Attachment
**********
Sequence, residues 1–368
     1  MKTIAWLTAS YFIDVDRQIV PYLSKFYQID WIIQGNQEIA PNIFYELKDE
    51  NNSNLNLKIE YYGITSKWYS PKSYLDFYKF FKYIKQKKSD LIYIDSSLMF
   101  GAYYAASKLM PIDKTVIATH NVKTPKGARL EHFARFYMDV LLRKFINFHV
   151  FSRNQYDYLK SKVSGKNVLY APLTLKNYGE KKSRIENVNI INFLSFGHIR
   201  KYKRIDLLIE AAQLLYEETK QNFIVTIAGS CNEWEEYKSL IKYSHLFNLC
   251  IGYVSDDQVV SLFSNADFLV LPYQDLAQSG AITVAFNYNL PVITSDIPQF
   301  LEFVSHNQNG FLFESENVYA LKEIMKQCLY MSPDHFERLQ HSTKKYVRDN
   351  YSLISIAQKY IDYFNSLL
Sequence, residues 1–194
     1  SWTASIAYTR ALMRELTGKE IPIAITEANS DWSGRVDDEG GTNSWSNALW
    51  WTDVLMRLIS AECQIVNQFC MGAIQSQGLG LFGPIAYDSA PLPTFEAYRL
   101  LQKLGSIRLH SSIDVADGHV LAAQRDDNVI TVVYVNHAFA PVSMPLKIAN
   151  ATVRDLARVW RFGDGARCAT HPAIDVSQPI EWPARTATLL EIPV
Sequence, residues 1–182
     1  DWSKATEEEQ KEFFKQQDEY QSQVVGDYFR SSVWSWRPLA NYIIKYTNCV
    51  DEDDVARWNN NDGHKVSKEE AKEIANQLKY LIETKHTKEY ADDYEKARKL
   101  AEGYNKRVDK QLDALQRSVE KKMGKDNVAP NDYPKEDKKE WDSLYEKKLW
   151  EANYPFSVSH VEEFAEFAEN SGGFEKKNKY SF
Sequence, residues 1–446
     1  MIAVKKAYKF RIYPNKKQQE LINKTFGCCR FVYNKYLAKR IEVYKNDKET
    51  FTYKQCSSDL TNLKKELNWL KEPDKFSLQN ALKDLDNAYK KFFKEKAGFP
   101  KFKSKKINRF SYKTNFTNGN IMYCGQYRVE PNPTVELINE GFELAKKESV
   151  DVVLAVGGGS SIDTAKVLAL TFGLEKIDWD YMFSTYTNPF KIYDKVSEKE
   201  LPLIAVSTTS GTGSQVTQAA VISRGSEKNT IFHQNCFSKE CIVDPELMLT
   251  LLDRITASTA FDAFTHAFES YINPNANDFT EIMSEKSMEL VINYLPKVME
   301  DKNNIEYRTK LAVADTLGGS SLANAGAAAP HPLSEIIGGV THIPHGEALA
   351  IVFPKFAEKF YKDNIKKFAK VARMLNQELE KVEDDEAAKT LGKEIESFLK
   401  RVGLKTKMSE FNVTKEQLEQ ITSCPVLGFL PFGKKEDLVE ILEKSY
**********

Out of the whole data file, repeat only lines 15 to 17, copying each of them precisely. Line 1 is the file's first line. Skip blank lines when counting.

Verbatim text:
Sequence, residues 1–182
     1  DWSKATEEEQ KEFFKQQDEY QSQVVGDYFR SSVWSWRPLA NYIIKYTNCV
    51  DEDDVARWNN NDGHKVSKEE AKEIANQLKY LIETKHTKEY ADDYEKARKL